In the photo: Arctic mountain range. Photo credit: Unsplash.

Indigenous communities in the Arctic Circle are facing widespread disruption to their everyday life as a result of climate change. Their traditional ways of life, infrastructure and mental health are threatened as warming rates in the Arctic accelerate beyond those of the rest of the world. Degrading permafrost poses a particularly grave threat to the wellbeing of these communities, threatening the safety of buildings and leading to the relocation of entire villages which are slowly sinking into the melting permafrost. A recent example is that of the Alaskan village of Newtok, whose residents were recently forced to relocate ten miles away to the new village of Mertarvik due to the flooding risks and erosion, direct results of permafrost degradation that have ravaged Newtok over the past twenty years. The failure of the rest of the world to reduce emissions is making climate refugees of the Arctic Inuit people, and it is the responsibility of nations around the world to implement policies with the purpose of tackling climate change head-on, and reducing the threats posed to these communities.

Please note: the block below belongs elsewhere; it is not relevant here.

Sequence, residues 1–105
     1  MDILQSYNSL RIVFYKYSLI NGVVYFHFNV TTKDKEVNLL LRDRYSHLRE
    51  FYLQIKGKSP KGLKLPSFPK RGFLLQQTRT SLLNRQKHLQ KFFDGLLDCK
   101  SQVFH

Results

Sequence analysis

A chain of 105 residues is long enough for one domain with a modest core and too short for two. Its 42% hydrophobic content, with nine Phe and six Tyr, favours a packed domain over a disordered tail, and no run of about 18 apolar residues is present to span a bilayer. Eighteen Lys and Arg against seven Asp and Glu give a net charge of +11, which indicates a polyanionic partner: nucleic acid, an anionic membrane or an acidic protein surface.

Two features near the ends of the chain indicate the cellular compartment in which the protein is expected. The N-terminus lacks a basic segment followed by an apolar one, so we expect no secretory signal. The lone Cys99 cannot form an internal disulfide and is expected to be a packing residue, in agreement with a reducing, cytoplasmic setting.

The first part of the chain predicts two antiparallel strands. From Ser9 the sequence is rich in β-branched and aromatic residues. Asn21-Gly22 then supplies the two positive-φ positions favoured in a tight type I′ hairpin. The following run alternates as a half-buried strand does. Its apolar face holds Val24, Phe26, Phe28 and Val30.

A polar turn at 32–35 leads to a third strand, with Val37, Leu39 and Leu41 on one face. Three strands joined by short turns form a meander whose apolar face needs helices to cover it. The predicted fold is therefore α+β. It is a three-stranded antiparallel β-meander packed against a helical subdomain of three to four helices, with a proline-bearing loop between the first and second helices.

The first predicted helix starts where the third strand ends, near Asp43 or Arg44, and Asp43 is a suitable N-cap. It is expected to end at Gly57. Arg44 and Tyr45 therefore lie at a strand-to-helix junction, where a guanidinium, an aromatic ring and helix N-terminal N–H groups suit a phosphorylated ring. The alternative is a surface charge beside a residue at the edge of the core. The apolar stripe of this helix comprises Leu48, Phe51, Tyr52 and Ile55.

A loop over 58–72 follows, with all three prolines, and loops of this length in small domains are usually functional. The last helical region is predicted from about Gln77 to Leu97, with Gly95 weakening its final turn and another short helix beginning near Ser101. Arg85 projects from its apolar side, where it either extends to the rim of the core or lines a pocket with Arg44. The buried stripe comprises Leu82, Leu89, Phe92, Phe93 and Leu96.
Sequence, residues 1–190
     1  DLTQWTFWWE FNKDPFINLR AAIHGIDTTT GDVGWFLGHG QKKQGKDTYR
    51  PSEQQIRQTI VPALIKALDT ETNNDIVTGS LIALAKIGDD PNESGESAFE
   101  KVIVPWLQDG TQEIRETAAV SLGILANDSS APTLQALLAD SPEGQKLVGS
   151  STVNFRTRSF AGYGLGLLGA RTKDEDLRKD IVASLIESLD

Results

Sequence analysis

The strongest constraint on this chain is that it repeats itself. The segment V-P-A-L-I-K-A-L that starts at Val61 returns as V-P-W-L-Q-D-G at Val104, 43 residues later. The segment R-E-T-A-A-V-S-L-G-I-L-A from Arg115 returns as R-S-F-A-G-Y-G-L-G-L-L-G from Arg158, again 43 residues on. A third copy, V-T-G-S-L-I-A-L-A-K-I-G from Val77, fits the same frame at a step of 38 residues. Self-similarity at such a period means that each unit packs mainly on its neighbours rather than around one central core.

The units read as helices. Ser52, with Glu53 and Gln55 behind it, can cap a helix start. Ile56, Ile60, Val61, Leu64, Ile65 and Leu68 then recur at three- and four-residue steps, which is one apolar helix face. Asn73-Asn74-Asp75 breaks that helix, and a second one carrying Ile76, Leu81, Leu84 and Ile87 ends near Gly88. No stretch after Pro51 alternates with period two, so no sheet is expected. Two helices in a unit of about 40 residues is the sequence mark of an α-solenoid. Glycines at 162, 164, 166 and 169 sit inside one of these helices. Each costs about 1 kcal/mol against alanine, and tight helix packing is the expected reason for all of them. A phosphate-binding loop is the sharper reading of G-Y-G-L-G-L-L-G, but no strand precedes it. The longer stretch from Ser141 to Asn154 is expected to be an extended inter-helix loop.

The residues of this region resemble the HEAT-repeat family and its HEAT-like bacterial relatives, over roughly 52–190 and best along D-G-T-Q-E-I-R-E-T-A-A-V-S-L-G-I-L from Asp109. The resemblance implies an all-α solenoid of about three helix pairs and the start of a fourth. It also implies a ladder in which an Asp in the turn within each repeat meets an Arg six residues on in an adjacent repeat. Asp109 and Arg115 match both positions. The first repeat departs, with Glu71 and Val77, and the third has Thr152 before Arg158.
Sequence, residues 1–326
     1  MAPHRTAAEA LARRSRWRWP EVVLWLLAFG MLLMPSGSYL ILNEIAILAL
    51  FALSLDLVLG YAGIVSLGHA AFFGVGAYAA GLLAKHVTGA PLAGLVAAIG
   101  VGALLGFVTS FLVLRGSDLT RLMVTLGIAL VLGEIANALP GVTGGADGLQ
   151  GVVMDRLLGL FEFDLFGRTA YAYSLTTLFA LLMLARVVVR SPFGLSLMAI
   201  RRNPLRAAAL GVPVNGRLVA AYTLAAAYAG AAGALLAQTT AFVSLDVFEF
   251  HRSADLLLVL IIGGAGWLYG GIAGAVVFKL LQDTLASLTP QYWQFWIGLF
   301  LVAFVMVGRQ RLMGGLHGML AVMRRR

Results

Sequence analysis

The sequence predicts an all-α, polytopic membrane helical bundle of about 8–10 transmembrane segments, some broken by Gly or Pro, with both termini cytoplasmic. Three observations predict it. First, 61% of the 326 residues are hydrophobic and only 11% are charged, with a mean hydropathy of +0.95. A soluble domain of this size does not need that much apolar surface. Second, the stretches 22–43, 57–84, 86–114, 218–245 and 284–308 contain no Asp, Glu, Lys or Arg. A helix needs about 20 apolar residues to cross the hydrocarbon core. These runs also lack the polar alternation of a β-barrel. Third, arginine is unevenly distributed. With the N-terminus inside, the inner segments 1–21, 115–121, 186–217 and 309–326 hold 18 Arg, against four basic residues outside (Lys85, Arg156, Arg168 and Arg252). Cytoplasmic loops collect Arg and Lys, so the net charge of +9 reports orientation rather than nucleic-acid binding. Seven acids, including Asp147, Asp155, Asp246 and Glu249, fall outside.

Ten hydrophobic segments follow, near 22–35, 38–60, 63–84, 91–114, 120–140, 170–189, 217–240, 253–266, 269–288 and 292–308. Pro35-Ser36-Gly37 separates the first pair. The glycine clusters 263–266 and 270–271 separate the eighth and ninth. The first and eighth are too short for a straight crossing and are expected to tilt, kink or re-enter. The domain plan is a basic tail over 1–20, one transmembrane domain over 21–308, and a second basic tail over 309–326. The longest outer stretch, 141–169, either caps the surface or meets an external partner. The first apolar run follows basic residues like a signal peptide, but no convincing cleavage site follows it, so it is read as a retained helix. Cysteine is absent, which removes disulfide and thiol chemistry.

Editor’s Note: The opinions expressed here by Impakter.com contributors are their own, not those of  Impakter.com. In the Featured Photo: Iceberg in the Arctic. Featured Photo creditUnsplash.